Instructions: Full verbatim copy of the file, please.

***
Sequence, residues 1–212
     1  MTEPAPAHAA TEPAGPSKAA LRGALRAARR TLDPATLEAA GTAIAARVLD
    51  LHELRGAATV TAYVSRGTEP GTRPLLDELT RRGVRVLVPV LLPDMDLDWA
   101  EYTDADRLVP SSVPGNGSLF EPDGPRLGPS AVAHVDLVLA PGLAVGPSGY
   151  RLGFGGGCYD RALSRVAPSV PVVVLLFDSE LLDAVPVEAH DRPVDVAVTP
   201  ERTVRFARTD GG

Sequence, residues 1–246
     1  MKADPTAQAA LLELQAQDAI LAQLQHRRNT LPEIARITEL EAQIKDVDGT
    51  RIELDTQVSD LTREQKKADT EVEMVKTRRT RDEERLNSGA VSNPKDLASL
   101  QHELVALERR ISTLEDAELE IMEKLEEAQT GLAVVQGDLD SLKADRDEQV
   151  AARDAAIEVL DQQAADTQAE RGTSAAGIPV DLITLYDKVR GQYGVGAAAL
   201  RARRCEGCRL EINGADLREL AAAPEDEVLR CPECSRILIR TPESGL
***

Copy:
Sequence, residues 1–212
     1  MTEPAPAHAA TEPAGPSKAA LRGALRAARR TLDPATLEAA GTAIAARVLD
    51  LHELRGAATV TAYVSRGTEP GTRPLLDELT RRGVRVLVPV LLPDMDLDWA
   101  EYTDADRLVP SSVPGNGSLF EPDGPRLGPS AVAHVDLVLA PGLAVGPSGY
   151  RLGFGGGCYD RALSRVAPSV PVVVLLFDSE LLDAVPVEAH DRPVDVAVTP
   201  ERTVRFARTD GG

Sequence, residues 1–246
     1  MKADPTAQAA LLELQAQDAI LAQLQHRRNT LPEIARITEL EAQIKDVDGT
    51  RIELDTQVSD LTREQKKADT EVEMVKTRRT RDEERLNSGA VSNPKDLASL
   101  QHELVALERR ISTLEDAELE IMEKLEEAQT GLAVVQGDLD SLKADRDEQV
   151  AARDAAIEVL DQQAADTQAE RGTSAAGIPV DLITLYDKVR GQYGVGAAAL
   201  RARRCEGCRL EINGADLREL AAAPEDEVLR CPECSRILIR TPESGL